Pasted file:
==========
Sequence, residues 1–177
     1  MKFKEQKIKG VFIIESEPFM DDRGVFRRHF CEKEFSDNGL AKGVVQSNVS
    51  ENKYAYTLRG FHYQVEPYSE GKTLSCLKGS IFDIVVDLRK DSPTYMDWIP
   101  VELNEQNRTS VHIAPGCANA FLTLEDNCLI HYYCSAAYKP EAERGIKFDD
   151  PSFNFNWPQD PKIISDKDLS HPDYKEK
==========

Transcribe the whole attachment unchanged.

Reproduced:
Sequence, residues 1–177
     1  MKFKEQKIKG VFIIESEPFM DDRGVFRRHF CEKEFSDNGL AKGVVQSNVS
    51  ENKYAYTLRG FHYQVEPYSE GKTLSCLKGS IFDIVVDLRK DSPTYMDWIP
   101  VELNEQNRTS VHIAPGCANA FLTLEDNCLI HYYCSAAYKP EAERGIKFDD
   151  PSFNFNWPQD PKIISDKDLS HPDYKEK